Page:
The Coral Gables City Commission approved plans on Tuesday for a mixed-use project that aims to transform a corner of South Dixie Highway.
NP International, the developer behind the planned Paseo de la Riviera project, received approval for Gables Station, which includes residential units, a hotel, retail, parking and open space. The 4.3-acre development would replace a surface parking lot and small commercial building at 251 South Dixie Highway, which currently houses cars from the Collection.
The project was previously approved for big box retail development by developer Jeffrey L. Berkowitz,, which would have generated up to 2.5 times the traffic, according to a traffic impact study cited during the commission meeting.
Among the points that NP International addressed from a previous meeting: public benefits that include funding a portion of the Underline linear park, ground level landscaping, funding the purchase of a trolley and operating costs, and incorporating Bahamian building design.
The Coral Gables commission voted in favor of NP International’s requested height increases, which call for up to 16 stories instead of the 10 allowed under current zoning. Commissioners Jeannett Slesnick and Vince Lago voted against the project. The developer said the taller heights would compensate for the noise generated by the Metrorail noise, as well as be higher than a series of power lines that will be installed.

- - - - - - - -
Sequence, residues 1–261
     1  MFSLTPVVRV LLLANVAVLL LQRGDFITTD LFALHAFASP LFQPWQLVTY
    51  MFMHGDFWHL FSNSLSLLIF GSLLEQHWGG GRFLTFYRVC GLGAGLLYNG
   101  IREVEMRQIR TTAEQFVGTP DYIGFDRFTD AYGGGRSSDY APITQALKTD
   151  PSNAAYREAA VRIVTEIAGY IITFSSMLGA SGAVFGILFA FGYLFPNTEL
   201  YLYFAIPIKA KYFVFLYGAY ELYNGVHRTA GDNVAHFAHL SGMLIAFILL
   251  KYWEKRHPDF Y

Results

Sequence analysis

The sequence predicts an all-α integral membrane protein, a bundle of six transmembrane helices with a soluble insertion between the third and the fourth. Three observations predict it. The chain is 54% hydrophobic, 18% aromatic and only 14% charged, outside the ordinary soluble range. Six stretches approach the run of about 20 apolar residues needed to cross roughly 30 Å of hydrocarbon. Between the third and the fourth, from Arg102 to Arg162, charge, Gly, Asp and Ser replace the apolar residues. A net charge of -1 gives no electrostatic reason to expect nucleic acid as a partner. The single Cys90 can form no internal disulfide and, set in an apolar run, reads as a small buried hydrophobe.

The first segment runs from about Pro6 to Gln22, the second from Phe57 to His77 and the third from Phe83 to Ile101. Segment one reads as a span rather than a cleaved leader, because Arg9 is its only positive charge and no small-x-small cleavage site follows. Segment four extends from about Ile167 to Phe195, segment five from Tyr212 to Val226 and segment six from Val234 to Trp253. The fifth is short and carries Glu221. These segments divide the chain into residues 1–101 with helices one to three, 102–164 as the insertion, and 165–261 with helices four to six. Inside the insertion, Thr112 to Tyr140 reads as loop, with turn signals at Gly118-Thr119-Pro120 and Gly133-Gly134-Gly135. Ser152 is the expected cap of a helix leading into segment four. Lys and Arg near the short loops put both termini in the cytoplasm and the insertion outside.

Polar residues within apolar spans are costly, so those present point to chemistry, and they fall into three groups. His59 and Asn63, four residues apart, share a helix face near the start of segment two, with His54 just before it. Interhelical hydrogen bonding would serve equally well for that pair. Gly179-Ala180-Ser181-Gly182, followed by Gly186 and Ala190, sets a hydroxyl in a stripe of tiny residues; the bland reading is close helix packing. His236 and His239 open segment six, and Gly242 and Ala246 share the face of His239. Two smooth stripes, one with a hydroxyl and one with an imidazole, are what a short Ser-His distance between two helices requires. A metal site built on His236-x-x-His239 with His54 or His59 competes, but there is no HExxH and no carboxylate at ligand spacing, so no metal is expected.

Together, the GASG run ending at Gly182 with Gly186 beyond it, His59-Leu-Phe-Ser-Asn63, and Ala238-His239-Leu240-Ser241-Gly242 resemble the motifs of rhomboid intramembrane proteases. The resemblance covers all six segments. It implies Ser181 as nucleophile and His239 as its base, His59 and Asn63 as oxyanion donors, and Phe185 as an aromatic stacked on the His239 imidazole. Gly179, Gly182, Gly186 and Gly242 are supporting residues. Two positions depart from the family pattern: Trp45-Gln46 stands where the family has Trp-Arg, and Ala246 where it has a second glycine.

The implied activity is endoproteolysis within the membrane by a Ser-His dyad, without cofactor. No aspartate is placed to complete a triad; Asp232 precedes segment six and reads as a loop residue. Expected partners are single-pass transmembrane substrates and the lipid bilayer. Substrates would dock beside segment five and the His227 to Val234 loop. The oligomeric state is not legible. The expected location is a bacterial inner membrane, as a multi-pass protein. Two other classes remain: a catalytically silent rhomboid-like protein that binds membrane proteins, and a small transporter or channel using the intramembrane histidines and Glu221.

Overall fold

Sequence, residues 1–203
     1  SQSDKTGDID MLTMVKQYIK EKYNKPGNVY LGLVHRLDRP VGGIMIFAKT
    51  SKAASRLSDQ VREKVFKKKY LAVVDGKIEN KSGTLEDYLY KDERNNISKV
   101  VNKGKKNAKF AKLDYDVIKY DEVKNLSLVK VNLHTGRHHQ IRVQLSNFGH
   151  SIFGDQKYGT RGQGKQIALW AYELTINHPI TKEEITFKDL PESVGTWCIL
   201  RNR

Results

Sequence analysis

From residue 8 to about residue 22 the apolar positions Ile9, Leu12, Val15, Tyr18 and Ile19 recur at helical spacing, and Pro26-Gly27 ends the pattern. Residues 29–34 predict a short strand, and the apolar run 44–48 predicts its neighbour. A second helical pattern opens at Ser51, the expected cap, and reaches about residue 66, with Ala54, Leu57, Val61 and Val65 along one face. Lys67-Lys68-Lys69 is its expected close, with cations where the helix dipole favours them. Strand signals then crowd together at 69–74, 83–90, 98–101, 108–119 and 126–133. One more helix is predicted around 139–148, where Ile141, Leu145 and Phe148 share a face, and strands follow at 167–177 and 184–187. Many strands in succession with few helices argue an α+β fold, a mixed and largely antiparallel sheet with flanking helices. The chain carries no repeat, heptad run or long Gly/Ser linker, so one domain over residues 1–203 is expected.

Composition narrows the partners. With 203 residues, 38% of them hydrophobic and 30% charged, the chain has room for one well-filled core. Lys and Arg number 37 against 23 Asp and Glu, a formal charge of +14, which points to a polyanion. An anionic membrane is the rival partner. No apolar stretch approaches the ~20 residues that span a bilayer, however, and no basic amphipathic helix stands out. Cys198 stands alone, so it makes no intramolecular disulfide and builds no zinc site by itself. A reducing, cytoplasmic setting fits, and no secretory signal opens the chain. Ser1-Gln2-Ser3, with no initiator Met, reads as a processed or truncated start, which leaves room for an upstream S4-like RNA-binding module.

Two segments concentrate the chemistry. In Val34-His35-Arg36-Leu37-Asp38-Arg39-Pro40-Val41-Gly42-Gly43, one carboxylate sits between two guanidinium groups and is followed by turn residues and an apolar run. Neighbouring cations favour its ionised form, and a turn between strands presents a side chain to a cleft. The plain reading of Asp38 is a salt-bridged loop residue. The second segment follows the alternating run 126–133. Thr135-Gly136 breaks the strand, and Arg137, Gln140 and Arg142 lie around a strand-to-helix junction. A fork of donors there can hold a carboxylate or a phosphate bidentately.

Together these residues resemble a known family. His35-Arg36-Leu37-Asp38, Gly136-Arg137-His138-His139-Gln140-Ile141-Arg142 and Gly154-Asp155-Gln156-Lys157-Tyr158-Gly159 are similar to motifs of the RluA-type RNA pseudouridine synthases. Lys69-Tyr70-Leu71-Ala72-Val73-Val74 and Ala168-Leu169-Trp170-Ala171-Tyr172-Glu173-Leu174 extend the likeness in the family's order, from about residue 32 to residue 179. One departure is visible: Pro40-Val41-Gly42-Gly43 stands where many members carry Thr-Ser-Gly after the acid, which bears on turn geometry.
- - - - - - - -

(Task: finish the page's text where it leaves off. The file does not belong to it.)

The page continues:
“If people want to build 16 stories up and down U.S. 1, and it’s coming, we’re going to have a canyon like Brickell along U.S. 1,” Slesnick said.
While the majority of residents at the meeting supported Gables Station, less than a handful spoke against it. “I really question whether or not we’re kidding ourselves that people who live there are going to use public transportation,” Marlin Ebbert, a Coral Gables resident, said.
As planned, the transit-oriented development will be divided into three towers with a total of 526 luxury apartments, 66 hotel/extended-stay units, 75,294 square feet of retail space, and a paseo with green space. It’s also seeking LEED certification.
The property is on the border of Coral Gables, across from Gables Ponce and running parallel to both the Metrorail (and planned Underline) and South Dixie Highway. Architect Jorge Hernandez said the southernmost building would activate public space with a plaza, arcades, colonnades and fountains. He called the space a “common living room.”
Friends of the Underline founder Meg Daly publicly supported the development, as did residents from the nearby MacFarlane Homestead District.
“Since the beginning of time, we have had to walk out to U.S. 1 and look at the ugliness or parking lots with trucks and cars,” community activist and historian Leona Cooper said. “It’s about time that our neighborhood experiences something new and beautiful.”